in concentration camps: their power and water supply is cut off, their food supply is obstructed, you need a pass to go into and out of the barracks … We could have eliminated this situation … only by using armed force, or by a temporary territorial redeployment of these units from the territory of Slovenia to other areas in Yugoslavia, until the final agreement about the future system is reached.64
No one really believed that this withdrawal of the JNA was either temporary or redeployment.
Mesić was in a minority of one in the presidency in opposing the decision to withdraw from Slovenia. This wasn’t because he wanted to keep the JNA in Slovenia. He simply wanted the presidency to agree to withdraw the JNA from Croatia as well. He demanded that the presidency resolve that the JNA could be used only “at the request of the republic where the particular crisis spot is located.”65 Since Croatia was at that very moment seeking to secede from Yugoslavia and was already involved in an armed conflict with the Croatian Serbs, there was little likelihood of the presidency agreeing to put the JNA at the disposal of Croatia’s government. In fact, the presidency demanded that Croatia cease blockading the JNA barracks. Croatia was told to “ensure that all armed units of the republic … withdraw from JNA facilities and in no way hinder the actions and steps of JNA units and institutions.”
Inventing a New Doctrine
Sensing that Croatia and Slovenia would soon be accepted as new states, Macedonia also decided to hold a referendum. On September 8, the government asked voters: “Are you in favor of a sovereign and autonomous Macedonia with the right to join a future alliance of sovereign states of Yugoslavia?” The question was vague, ambiguous, and unexceptionable; not surprisingly, of those who voted, 95% said yes. However, Macedonia’s substantial Albanian population boycotted the referendum.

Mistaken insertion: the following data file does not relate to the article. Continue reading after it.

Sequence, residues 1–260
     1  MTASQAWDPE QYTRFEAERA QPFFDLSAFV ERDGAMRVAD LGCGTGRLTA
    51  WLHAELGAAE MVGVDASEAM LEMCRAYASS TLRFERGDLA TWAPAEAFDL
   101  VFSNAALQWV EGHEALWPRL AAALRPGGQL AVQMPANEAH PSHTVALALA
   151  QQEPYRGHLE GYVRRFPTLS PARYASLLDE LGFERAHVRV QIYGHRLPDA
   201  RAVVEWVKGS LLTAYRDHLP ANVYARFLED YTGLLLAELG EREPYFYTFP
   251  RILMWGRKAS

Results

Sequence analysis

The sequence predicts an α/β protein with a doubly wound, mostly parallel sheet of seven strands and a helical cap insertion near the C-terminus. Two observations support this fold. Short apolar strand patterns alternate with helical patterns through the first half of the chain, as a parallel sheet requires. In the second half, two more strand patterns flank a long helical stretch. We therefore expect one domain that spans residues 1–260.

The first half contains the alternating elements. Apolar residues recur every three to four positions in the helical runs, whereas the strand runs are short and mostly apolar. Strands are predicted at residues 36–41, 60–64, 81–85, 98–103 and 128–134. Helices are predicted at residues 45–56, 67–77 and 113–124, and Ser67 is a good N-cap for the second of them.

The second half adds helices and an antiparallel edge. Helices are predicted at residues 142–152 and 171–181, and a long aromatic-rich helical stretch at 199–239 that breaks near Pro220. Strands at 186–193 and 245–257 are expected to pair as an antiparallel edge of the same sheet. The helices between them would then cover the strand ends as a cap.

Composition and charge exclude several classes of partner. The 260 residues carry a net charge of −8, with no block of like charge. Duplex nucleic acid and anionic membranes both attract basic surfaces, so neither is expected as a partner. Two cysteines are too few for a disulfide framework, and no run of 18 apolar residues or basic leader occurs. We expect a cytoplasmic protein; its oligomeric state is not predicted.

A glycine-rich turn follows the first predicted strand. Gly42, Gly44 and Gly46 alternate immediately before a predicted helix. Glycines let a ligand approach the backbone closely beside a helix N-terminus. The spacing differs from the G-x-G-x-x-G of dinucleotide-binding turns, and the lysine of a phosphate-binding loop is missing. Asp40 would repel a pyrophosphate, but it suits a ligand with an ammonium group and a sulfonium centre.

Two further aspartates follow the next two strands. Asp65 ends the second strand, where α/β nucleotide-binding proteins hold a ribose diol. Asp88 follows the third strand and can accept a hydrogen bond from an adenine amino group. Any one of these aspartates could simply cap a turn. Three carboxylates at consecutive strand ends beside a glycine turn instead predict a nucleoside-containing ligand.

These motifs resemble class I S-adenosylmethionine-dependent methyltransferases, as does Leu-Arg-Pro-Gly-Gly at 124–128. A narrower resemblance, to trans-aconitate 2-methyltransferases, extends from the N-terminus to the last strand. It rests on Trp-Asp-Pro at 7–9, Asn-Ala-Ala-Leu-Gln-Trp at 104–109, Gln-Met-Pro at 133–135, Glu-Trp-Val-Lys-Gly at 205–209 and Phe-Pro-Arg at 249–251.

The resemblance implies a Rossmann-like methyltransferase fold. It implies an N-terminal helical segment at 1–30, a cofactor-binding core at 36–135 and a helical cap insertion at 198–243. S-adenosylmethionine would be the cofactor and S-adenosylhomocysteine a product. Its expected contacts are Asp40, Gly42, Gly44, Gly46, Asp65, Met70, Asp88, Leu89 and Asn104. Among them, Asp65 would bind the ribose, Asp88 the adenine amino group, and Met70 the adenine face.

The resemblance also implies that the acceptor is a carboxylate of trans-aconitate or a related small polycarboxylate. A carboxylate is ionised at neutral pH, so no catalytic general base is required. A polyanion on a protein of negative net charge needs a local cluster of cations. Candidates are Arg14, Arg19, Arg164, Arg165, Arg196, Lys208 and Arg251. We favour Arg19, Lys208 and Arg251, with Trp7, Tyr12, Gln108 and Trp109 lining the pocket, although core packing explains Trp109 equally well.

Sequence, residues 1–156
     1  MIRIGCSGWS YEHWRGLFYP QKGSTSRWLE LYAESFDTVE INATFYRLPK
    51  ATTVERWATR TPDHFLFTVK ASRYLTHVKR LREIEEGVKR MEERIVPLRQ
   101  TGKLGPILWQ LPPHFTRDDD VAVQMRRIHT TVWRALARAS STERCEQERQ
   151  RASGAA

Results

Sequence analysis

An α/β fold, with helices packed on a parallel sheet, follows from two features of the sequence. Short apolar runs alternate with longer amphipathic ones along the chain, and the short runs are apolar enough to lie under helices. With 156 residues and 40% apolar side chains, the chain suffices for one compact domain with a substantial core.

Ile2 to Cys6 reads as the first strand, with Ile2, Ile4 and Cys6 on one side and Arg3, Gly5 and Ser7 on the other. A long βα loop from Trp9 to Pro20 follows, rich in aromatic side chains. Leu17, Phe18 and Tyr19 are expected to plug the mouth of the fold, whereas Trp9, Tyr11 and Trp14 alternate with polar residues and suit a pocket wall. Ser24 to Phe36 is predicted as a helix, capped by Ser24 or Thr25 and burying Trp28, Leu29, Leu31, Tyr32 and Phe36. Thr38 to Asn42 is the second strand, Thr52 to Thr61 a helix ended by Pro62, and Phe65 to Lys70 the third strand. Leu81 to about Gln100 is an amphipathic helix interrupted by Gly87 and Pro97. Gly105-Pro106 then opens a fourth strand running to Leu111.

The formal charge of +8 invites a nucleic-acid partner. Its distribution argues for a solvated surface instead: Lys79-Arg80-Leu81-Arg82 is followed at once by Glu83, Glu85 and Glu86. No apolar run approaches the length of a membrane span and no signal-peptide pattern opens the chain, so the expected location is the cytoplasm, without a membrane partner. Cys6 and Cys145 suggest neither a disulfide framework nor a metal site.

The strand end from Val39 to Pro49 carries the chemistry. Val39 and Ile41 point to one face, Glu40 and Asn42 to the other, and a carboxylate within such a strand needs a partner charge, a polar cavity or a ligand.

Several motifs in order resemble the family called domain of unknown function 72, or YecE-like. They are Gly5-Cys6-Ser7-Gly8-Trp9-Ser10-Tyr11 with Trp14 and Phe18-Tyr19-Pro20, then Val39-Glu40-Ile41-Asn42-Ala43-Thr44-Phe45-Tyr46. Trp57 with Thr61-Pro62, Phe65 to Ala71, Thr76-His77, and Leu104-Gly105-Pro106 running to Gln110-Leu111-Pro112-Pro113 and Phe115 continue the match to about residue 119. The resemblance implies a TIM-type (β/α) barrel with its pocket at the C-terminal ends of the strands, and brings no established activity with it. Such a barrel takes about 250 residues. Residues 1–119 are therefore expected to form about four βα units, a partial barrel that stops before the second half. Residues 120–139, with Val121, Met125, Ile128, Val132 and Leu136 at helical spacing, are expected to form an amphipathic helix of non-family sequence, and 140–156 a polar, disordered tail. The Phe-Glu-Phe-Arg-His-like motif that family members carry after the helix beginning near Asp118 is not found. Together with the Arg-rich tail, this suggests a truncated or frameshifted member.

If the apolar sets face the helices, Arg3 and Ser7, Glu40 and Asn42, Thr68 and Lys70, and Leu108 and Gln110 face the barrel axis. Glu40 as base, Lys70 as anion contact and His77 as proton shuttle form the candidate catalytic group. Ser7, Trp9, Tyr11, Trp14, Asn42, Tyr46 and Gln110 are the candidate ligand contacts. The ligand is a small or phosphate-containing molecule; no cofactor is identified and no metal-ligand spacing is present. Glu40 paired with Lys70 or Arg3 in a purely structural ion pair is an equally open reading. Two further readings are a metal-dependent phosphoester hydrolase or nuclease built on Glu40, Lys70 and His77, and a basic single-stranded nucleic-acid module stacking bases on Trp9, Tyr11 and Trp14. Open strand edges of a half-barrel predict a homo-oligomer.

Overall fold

Although the secessionist republics had made no attempt to engage in serious negotiations on the future of Yugoslavia, as they were required to do under the terms of the Brioni Declaration, the federal government was blamed for the impasse. The United States stepped up its attacks on Belgrade. By September 1991, Washington had taken to referring to the actions of the JNA within the territory of Yugoslavia as “aggression.” On September 25, Baker went before the U.N. Security Council and declared:
The Yugoslav military has initiated what can only be described as outright military intervention against Croatia, while repudiating the authority of Yugoslav Government institutions which have sought to control it. It is equally clear that the Serbian leadership is actively supporting and encouraging the use of force in Croatia by Serbian militants and the Yugoslav military. The apparent objective of the Serbian leadership and the Yugoslav military working in tandem is to create a “small Yugoslavia” or “greater Serbia” which would exclude Slovenia and a rump Croatia. This new entity would be based on the kind of repression which Serbian authorities have exercised in Kosovo for several years … The aggression within Yugoslavia, therefore, represents a direct threat to international peace and security. And the use of aggression to determine the future internal borders of Yugoslavia or of Serbia also represents a grave challenge to the values and principles which underlie the Helsinki Final Act, the Charter of Paris, and the U.N. Charter.
There was no mention here of the arms smuggling into Croatia; no mention of the arming of paramilitaries. Baker’s comments foreshadowed the West’s disastrously misconceived approach to Yugoslavia. Based on nothing more than wishful thinking, Baker absolved Washington’s golden boy, Ante Marković, of any responsibility for the deployment of the JNA, and assigned blame entirely to Serbia’s leaders. Though claiming to be even-handed, he leveled the charge of “aggression” against the JNA — the only legitimate armed force in the country.